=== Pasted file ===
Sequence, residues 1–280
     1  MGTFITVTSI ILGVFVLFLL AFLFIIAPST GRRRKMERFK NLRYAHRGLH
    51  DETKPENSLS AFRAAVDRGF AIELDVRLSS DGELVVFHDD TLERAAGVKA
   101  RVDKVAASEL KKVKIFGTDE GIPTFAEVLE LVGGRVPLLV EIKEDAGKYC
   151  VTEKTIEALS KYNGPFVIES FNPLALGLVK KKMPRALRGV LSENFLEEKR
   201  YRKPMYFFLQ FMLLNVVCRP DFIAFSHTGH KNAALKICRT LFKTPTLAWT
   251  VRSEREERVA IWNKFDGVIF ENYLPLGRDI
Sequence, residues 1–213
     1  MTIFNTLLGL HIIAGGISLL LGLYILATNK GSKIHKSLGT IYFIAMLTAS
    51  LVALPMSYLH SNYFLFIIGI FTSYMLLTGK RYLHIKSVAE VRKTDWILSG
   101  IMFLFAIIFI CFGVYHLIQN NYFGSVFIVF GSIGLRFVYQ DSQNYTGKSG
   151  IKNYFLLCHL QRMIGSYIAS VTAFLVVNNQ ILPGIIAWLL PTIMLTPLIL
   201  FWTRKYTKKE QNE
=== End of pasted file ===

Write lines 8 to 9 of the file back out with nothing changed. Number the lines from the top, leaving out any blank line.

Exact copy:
Sequence, residues 1–213
     1  MTIFNTLLGL HIIAGGISLL LGLYILATNK GSKIHKSLGT IYFIAMLTAS